Microphone: Encourage students to use a microphone if possible. They very likely already own earbuds for their phone that will work well. Otherwise, you hear all of their background noise (likely worse than yours) when they are talking.
Muting: Encourage all students to mute, unless they are talking, when they are likely to need to be reminded to unmute. If you don’t do this, then you can have noises overtake the main speaker, and the video stream often defaults to show whoever has the main audio feed.
Your image will likely be the first thing students see when they log in. Try to present yourself however you do in class. That is, be professorial. If you are slumped up against some pillows in your bed, this will set the tone for them that online class is not serious, and they do not need to be dialed in.
We choose to teach in front of our books, or in front of a blank wall, and dress how we would in person. We also choose to teach standing up (which may be how your students are used to seeing you) which helps with audio projection. To teach standing up, it is helpful to have a standing desk (one of us is happy with this one). An impromptu standing desk can be created with a pile of books.
If you have a weak internet connection, it will make all aspects of the online interaction difficult. There are a few things to improve your chances of success. 1) If possible, plug in to ethernet rather than run off of wifi 2) If possible, make sure other devices are not streaming on the same network 3) Run a connection test at https://sourceforge.net/speedtest/ . If you seem to have a weak connection (as compared to what the tool you are using recommends), consider bumping up your connection with your internet provider. In most cases something like $15 extra will get you more speed. It is also worth encouraging your students to use this connection test prior to class to ensure that their connection is adequate.
Encourage students to also find a location where they can present themself as active learners (again, not slumped over in bed) and don’t hesitate to call out students who don’t appear ready to learn.
When we are all in the front row, we can see how everyone is responding to what is being said. It might be advantageous to set a few standard forms of non-verbal communication. For example, tell everyone that two thumbs up is ‘Yes, I support this view’ and two thumbs down is ‘No, I disagree with this view’. Then, you can periodically call on everyone to weigh in on what is happening. You can comment on what you see. “Okay, I see about 60% are pro-X, 20% are anti-X, and the remaining are not sure.’ This is a way of communicating with everyone, and allowing everyone to communicate with each other.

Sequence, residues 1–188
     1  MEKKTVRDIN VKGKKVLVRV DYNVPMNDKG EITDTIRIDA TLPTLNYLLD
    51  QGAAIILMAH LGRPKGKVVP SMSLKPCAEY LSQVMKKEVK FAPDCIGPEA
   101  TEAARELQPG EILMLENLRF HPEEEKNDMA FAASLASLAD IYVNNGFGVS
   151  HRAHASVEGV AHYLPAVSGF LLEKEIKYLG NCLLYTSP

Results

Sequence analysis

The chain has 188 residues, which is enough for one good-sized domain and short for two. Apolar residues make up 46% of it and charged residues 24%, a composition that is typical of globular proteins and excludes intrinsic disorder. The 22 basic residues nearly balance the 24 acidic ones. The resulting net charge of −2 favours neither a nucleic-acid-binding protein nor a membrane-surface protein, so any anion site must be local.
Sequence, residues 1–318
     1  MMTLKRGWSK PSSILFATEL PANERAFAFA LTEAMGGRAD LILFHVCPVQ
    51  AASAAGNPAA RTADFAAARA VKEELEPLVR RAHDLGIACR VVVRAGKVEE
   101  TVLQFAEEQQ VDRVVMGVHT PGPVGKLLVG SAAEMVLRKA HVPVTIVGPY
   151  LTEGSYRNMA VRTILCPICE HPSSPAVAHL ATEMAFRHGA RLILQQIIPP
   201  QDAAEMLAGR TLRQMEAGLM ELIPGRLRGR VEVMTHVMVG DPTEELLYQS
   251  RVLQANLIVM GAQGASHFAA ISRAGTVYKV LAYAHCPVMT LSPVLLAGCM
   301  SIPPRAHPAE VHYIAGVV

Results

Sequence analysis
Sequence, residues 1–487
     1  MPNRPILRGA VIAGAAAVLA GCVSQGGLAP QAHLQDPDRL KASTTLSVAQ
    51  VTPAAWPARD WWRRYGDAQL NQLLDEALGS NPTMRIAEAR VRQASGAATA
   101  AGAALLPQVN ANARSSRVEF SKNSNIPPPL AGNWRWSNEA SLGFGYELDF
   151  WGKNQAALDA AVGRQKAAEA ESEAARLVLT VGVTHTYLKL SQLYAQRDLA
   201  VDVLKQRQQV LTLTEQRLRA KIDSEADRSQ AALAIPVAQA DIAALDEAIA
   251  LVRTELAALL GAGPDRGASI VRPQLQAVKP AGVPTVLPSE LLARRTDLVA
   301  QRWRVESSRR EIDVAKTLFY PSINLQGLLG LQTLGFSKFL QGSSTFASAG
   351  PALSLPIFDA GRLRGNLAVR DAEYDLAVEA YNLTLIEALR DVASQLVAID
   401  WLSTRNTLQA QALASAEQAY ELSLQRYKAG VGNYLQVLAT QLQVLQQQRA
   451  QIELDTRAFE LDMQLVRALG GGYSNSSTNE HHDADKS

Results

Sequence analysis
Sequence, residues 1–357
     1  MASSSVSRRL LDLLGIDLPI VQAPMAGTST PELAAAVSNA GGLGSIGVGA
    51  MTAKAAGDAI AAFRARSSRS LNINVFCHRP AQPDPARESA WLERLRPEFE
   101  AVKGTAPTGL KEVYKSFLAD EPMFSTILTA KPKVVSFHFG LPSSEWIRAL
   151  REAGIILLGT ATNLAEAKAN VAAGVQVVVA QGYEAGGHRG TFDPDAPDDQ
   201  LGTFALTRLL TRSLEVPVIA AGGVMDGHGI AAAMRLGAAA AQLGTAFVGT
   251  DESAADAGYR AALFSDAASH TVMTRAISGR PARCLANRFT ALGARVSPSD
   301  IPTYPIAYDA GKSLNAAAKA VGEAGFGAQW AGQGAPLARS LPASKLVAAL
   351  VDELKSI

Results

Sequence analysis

TL, DR: Make sure you can be heard and seen, and make sure students know how to verbally and non-verbally communicate.
We are aware that some of our colleagues will find this article’s advice unsuitable for the crisis in which we find ourselves. As many philosophy instructors are being asked to teach online for the first time, many of them will find it challenging enough just to get by. It’s tempting to feel like it is unrealistic to aim for best practices of online education at a time like this.
We certainly acknowledge that many instructors don’t have the time right now to figure out how to run interactive philosophy classes online. But consider two final thoughts in reply. First, it is not clear how long this pandemic will last. It may be that philosophy instructors will need to teach from a virtual classroom during the coming Summer and Fall semesters. If this is so, then there will be time to catch our breath and devote some time to figuring out how to make our online classes more engaging for the sake of our students. And second, it is our hope that the advice in this article will actually save time for some instructors as they transition to a virtual classroom. Some instructors are already in the habit of leading interactive philosophy classes in traditional settings. We have offered some thoughts about how they can most easily continue their normal practices in an online environment.
Thanks to Christine Looser, Kevin Connolly, Geneva Stein, and James Genone for comments on a draft of this post.